South Korea’s secondary bourse has continued to rally over the past few weeks, touching the 930-point mark during early trading on Tuesday and marking an 18-year high.
The tech-heavy bourse reached 2,834.40 on March 10, 2000, the result of so-called “dotcom fever.” Since that bubble burst, it has never again surpassed the 943 points posted March 22, 2002.
Considering the recent record-breaking rallies in the nation’s main bourse, Kospi, expectations are also high for Kosdaq, according to some watchers. If the Kospi rally was led by massive foreign buying, Kosdaq appears to be witnessing an influx of retail investors betting on entertainment, bio and auto parts shares, they said.
Although the index closed lower Tuesday, at 906.84, it has nearly doubled from the rock bottom level of 419.55 posted in March, when the market was hit hard by the onset of COVID-19.
Large-cap stocks in the Kosdaq market traded mixed.
Sectors such as internet, broadcasting services, transportation, software and entertainment were strong. While CJ ENM and Studio Dragon jumped 1.34 percent and 1.94 percent, Dongjin Semichem and EcoPro BM gained 4.62 percent and 0.61 percent backed by Tesla stock’s surge overnight on Wall Street.
Close to the end of the year, Kosdaq often moves downward as retail investors offload shares to avoid paying major shareholders’ taxes. So far this year, however, the index has shown different movements on the back of the strong biopharma, IT and game sectors, according to market watchers.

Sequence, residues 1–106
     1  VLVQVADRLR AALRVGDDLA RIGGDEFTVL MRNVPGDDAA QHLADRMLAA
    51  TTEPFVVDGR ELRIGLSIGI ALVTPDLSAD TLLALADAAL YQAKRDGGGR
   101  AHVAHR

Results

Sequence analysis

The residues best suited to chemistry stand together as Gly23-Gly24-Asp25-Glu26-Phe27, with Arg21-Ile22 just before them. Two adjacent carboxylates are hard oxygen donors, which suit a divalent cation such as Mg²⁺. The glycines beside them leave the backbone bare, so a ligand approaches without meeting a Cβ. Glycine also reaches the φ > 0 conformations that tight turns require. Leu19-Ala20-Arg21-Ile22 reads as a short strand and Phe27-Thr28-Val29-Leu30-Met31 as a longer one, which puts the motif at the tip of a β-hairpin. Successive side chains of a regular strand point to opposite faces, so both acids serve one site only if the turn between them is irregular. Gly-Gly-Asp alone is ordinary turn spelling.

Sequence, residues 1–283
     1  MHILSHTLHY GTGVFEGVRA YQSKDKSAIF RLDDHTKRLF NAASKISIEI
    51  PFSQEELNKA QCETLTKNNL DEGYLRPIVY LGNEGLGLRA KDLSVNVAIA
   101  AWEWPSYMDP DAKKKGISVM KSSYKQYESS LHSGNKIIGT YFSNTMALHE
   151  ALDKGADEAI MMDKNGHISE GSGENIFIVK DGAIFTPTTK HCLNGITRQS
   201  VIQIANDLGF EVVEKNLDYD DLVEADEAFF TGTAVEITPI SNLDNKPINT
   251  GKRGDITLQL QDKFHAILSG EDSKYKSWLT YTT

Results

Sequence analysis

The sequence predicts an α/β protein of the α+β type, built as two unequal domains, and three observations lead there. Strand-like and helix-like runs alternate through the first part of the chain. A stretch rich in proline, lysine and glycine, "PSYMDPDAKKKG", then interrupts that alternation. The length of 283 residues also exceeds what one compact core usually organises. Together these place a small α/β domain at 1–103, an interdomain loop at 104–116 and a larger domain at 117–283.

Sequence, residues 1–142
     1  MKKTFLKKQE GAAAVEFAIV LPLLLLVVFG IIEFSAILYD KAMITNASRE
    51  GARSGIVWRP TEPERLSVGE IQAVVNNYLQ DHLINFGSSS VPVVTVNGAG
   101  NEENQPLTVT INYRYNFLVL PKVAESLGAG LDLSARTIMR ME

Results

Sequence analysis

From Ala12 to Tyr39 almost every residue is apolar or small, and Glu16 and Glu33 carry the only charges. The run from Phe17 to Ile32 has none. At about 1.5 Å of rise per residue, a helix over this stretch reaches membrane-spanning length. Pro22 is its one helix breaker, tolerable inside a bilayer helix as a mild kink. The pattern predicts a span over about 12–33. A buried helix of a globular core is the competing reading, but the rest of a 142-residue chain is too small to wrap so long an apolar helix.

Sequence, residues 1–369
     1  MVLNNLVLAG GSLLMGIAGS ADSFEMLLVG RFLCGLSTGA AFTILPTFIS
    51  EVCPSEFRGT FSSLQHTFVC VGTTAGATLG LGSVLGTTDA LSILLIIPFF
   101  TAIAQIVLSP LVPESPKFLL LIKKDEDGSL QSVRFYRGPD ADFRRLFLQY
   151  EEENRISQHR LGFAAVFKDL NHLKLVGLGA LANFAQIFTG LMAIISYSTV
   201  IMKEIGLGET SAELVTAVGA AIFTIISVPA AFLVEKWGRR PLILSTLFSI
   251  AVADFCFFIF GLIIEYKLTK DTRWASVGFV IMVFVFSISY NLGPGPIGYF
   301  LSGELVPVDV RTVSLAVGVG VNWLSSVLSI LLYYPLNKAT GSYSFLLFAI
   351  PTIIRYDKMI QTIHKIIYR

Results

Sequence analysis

Amid the fast spread of COVID-19 worldwide, hopes for a COVID-19 vaccine and treatment led a spike in health care and pharmaceuticals shares. A day earlier, Celltrion Healthcare soared 14.76 percent, while HLB and HLB Life Science surged 11.54 percent and 13.99 percent.
“The Kosdaq market has recently been an attractive investment destination since expectations toward improving economic indicators and a vaccine development have led investors’ net purchase. The strong Korean won also attributed to foreigners’ net purchase so far from the local market,” Daishin Securities analyst Lee Kyung-min told The Korea Herald.
“However, foreigners went on profit-taking later on Tuesday’s trading since their investment sentiment has weakened, with the relatively weaker Korean won and negative reports on Celltrion. In the short term, offshore investors’ movement will vary depending on the won-dollar currency trend.”
Meanwhile, Kospi closed at 2,700.93, down 44.51 points or 1.62 percent from the previous session’s close. The index extended its all-time high for a fifth consecutive session a day ago, but affected by growing concerns over the COVID-19 resurgence, it moved downward after opening lower.
By Jie Ye-eun (firstname.lastname@example.org